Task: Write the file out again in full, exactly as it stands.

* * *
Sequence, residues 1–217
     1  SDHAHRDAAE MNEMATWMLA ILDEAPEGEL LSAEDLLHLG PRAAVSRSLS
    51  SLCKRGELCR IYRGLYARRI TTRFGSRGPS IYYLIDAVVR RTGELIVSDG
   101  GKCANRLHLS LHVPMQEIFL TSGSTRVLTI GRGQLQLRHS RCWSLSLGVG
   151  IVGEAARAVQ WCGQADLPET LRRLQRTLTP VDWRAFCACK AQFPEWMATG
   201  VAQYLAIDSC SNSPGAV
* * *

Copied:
Sequence, residues 1–217
     1  SDHAHRDAAE MNEMATWMLA ILDEAPEGEL LSAEDLLHLG PRAAVSRSLS
    51  SLCKRGELCR IYRGLYARRI TTRFGSRGPS IYYLIDAVVR RTGELIVSDG
   101  GKCANRLHLS LHVPMQEIFL TSGSTRVLTI GRGQLQLRHS RCWSLSLGVG
   151  IVGEAARAVQ WCGQADLPET LRRLQRTLTP VDWRAFCACK AQFPEWMATG
   201  VAQYLAIDSC SNSPGAV